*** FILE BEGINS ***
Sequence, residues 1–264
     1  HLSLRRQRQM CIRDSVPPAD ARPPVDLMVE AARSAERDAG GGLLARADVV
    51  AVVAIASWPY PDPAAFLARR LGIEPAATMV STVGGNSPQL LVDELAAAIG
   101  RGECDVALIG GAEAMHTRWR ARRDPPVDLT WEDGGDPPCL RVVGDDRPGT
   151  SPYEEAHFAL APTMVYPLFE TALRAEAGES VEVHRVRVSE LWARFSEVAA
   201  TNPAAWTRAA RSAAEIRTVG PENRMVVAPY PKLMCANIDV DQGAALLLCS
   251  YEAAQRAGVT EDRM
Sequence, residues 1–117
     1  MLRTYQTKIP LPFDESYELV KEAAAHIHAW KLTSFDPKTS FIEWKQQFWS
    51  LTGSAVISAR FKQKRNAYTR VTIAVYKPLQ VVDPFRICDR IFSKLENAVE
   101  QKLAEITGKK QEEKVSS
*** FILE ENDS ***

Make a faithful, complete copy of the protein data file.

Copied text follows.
Sequence, residues 1–264
     1  HLSLRRQRQM CIRDSVPPAD ARPPVDLMVE AARSAERDAG GGLLARADVV
    51  AVVAIASWPY PDPAAFLARR LGIEPAATMV STVGGNSPQL LVDELAAAIG
   101  RGECDVALIG GAEAMHTRWR ARRDPPVDLT WEDGGDPPCL RVVGDDRPGT
   151  SPYEEAHFAL APTMVYPLFE TALRAEAGES VEVHRVRVSE LWARFSEVAA
   201  TNPAAWTRAA RSAAEIRTVG PENRMVVAPY PKLMCANIDV DQGAALLLCS
   251  YEAAQRAGVT EDRM
Sequence, residues 1–117
     1  MLRTYQTKIP LPFDESYELV KEAAAHIHAW KLTSFDPKTS FIEWKQQFWS
    51  LTGSAVISAR FKQKRNAYTR VTIAVYKPLQ VVDPFRICDR IFSKLENAVE
   101  QKLAEITGKK QEEKVSS